Philippines military: Death toll in Marawi tops 500

At least 380 of those killed are ISIL-linked fighters but civilian death toll is expected to increase, military says.

    The military has been unable to retake the besieged areas of Marawi as a result of snipers and booby traps [Reuters]
    The military has been unable to retake the besieged areas of Marawi as a result of snipers and booby traps [Reuters]

    The death toll in a protracted battle between fighters from to a group linked to the Islamic State of Iraq and the Levant (ISIL, also known as ISIS) group and government troops in the southern Philippine city of Marawi has topped 500, the military said.

    Brigadier General Restituto Padilla said on Tuesday that 90 of the dead were soldiers and police officers in Marawi City, 800 kilometres south of Manila.

    At least 381 of the dead were fighters killed in the fighting, which began on May 23 after government forces attempted to arrest a local leader of the ISIL-allied group, he added.

    Speaking from Marawi, Al Jazeera's Yaara Bou Melhem said that while the civilian death toll remains as 39, the military says this figure is expected to increase dramatically.

    "There are still parts of the city it has not been able to access where it is feared that civilians were executed," Melhem said.

    Government forces haven't been able to retake the besieged areas of the city due to snipers and booby traps in the conflict zone, she added.

    READ MORE - Marawi: A scarred city of Philippines

    Defence Secretary Delfin Lorenzana denied a local media report that up to 2,000 civilians had been killed in the conflict, and urged the public to avoid sharing such "unverified reports" that could "cause undue alarm, panic and confusion."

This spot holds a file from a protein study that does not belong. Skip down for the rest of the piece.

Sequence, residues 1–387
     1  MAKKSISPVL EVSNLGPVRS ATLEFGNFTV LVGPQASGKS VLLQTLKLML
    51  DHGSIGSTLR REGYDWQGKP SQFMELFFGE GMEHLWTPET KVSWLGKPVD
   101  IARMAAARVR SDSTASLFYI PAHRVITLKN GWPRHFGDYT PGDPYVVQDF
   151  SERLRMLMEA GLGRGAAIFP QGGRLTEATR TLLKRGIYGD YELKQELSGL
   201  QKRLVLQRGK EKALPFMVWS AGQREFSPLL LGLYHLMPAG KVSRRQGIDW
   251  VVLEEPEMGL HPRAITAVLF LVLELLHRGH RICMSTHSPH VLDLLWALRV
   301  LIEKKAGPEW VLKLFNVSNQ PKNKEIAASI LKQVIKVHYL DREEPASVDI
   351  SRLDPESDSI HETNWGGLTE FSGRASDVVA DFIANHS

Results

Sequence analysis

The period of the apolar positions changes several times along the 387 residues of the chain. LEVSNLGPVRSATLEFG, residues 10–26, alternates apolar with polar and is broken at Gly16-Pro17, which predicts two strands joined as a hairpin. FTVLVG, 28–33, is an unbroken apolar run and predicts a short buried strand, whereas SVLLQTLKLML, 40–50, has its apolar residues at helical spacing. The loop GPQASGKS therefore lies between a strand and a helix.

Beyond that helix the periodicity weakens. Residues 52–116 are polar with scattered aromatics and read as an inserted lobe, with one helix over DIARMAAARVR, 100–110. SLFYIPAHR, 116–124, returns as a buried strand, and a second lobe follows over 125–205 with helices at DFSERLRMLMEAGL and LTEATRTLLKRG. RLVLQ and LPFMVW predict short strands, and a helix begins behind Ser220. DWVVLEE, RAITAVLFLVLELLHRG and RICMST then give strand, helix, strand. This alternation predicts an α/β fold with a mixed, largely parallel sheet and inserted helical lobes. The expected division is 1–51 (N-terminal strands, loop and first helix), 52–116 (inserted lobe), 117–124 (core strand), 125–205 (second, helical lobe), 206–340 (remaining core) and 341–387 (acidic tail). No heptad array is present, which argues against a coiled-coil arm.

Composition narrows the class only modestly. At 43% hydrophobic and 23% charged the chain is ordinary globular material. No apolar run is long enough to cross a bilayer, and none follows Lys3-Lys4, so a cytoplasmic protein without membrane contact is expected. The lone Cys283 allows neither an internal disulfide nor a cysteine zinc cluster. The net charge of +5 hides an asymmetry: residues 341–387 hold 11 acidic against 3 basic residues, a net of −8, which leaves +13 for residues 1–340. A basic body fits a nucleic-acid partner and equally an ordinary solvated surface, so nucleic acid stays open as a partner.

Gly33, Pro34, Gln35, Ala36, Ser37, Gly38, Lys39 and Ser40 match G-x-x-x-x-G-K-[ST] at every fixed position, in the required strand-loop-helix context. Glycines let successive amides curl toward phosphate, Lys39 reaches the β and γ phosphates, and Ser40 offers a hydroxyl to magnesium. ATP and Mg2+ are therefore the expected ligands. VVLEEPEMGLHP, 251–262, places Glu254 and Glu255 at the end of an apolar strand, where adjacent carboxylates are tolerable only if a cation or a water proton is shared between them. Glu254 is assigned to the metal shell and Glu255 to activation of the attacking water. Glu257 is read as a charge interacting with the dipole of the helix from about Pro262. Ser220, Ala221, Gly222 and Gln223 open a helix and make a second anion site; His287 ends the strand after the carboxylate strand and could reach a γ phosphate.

Can the Philippine army recapture Marawi? – Inside Story

    "Such information is not only detrimental to our ongoing operations. It also hurts our economy and our international image as a nation," he said in a statement.

    Lorenzana also allayed public fears of a prolonged period of martial law, which some legislators have proposed be extended for another five years in the southern region of Mindanao.

    President Rodrigo Duterte declared a 60-day martial law in Mindanao to help boost the fight against the militants in Marawi City. The decree is set to expire in 10 days.

    Lorenzana said martial law was "an extraordinary power of the president as commander-in-chief that must be resorted to only when warranted by our national security circumstances."

    "Our constitution has prescribed limitations precisely to prevent its being abused as it has implications to the country's peace and order, economy, trade, tourism, and our people's way of life," he added.

    More than 300,000 civilians have been displaced as a result of the fighting.


    SOURCE: Al Jazeera and news agencies


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